Monday 19 September 2016

Protect Your Texting Privacy For Free

One of the items routinely intercepted and logged are our text messages. This provides a rich source of data to various eavesdropping entities, possibly including your work if they have provided you with a phone, or required you to install some management software to use your phone with work systems.

To avoid this I installed Signal by Whispersystems. Signal is a free app that will encrypt your messages to/from other Signal users. It has the added bonus of being able to also act as your default text messaging app, so you only have one place to check for all your standard messaging needs.

Signal can import your current texts from whatever app they are in, as well as your contacts, so you can continue to text people as you normally would. 

The bonus comes when you text another Signal user; the app automatically knows they have Signal and end-to-end encrypts the information, even the staff at Whispersystems can't read your messages.

As an added bonus, messages between Signal users use your phone's data rather than incurring texting charges. If you're connected to WiFi this means you have unlimited free communication between Signal users.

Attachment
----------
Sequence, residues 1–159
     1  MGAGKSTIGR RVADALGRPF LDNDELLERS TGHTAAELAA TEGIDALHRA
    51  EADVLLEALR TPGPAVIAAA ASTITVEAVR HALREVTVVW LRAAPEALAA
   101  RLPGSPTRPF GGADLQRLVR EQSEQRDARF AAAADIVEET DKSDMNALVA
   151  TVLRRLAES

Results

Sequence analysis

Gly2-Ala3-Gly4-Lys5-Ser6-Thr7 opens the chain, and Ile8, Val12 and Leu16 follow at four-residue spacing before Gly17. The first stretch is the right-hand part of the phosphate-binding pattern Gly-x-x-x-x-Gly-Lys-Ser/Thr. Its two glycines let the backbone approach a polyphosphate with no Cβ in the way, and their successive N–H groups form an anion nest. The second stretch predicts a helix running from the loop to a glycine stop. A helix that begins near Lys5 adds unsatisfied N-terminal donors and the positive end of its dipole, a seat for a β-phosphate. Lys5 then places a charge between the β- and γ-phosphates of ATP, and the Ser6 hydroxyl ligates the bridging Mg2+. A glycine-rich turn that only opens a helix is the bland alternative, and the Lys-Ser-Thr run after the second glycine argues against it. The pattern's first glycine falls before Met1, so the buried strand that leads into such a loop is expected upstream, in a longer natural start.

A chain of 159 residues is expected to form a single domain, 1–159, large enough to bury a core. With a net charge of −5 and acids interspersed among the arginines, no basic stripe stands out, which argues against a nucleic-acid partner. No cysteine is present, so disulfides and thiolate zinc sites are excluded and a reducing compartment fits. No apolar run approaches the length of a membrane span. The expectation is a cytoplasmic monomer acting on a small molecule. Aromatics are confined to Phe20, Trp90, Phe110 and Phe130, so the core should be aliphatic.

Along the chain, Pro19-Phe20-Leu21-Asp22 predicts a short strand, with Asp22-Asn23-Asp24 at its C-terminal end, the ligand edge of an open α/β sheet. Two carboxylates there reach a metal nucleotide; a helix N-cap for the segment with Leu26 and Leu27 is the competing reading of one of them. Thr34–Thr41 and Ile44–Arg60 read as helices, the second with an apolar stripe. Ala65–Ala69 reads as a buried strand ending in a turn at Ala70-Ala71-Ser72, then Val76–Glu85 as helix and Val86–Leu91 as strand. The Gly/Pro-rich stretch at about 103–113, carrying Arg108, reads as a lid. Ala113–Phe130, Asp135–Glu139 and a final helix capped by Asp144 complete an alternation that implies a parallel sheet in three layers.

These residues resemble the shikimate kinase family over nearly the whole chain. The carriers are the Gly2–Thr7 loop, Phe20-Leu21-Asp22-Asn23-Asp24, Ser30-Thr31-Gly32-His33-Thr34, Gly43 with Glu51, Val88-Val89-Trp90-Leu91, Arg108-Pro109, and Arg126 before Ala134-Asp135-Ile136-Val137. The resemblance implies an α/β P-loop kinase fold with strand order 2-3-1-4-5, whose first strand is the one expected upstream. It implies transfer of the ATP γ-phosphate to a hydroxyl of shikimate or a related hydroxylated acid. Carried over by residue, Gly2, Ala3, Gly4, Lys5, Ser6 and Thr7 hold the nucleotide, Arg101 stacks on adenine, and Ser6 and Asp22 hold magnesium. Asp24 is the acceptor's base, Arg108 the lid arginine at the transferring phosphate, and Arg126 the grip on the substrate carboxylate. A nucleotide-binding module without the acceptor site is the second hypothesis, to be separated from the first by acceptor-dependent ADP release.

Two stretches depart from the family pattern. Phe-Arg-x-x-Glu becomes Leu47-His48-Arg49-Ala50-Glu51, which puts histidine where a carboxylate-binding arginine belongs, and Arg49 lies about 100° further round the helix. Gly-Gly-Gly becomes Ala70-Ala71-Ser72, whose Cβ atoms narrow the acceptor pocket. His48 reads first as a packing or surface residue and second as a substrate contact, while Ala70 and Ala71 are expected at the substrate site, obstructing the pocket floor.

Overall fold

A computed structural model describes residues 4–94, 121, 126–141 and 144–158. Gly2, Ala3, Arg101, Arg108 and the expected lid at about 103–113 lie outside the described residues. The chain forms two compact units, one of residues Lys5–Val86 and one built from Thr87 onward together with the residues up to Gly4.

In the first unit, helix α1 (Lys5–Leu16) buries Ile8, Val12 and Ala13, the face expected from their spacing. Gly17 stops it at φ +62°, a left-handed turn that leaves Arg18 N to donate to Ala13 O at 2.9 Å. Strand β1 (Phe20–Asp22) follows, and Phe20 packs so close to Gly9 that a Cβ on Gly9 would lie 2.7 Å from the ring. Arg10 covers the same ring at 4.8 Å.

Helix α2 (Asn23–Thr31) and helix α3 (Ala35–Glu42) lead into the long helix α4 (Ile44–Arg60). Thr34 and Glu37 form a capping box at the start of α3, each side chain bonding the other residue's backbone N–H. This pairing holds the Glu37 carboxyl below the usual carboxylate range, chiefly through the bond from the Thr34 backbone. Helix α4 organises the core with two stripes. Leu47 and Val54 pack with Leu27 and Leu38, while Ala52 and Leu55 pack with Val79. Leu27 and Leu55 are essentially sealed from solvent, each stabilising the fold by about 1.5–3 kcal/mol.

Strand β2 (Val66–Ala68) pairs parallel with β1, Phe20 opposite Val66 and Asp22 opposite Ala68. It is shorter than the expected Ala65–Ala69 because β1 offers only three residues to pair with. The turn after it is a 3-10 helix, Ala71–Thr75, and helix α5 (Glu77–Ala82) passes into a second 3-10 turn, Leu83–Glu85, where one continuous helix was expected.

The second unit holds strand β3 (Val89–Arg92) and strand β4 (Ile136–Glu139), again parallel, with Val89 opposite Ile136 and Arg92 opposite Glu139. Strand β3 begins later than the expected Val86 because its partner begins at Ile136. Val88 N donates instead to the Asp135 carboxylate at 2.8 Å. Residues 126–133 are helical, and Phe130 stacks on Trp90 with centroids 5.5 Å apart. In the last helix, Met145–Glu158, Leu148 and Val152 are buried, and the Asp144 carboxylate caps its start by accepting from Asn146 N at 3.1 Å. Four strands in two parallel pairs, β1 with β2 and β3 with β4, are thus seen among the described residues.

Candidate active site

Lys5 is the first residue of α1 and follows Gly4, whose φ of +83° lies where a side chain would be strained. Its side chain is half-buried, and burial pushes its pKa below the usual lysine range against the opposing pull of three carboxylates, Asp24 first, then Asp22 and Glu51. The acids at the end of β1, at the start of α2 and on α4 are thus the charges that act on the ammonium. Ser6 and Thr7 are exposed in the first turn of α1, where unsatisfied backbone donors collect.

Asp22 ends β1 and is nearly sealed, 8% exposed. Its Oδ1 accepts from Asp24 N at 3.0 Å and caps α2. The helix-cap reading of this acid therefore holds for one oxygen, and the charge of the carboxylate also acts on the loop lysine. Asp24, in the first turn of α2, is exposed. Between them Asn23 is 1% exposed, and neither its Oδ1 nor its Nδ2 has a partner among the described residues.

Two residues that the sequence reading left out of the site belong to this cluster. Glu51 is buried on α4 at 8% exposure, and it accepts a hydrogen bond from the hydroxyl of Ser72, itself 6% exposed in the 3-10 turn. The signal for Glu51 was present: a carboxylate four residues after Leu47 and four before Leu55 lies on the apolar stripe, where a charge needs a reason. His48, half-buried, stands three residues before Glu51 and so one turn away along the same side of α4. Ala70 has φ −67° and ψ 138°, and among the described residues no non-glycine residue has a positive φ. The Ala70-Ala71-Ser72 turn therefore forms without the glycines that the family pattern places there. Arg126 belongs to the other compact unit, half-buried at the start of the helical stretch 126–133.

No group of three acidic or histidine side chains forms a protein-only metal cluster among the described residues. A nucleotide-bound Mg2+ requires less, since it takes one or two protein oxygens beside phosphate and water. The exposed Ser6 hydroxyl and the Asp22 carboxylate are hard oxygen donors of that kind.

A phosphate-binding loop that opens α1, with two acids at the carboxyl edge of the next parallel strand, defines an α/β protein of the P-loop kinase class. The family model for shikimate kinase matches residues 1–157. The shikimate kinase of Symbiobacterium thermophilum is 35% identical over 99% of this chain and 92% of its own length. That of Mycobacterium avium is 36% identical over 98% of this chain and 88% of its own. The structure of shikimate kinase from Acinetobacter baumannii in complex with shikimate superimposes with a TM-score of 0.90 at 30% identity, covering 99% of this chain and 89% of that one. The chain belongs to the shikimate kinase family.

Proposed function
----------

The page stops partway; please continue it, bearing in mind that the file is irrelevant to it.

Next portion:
Signal will also support sending attachments or conducting video calls, all encrypted and using a data connection.

Inviting your contacts to Signal is exceptionally simple, the app pops up an "Invite to Signal" box when you select a contact that isn't already using it. You just select the box and it pre-populates a message to the recipient explaining you use Signal and offers a link to install it.

Signal is available for Android and iPhone devices (Sorry Blackberry die-hards), installation is fast and painless. As a messaging app it's as intuitive and good as the app you're probably using now.

But HomeGeek, how do you know it's secure?

As far as I know Signal is the only open-source messaging app out there. This means all it's code is posted on Github, available to anyone for inspection and it routinely goes through peer review.

I don't have any great secrets to hide, but I'm also not a fan of giving personal information to entities I know little about and control even less. With that in mind I decided I wanted some enhanced privacy on my texts, at least where I could have it.

If you're skeptical that your digital information is being routinely monitored or logged I suggest watching "Citizen Four".  Whatever your personal stance on Edward Snowden's actions, it is eye-opening.

It's free, so what have you got to lose, except maybe being monitored?

Happy surfing!

-The Home Geek

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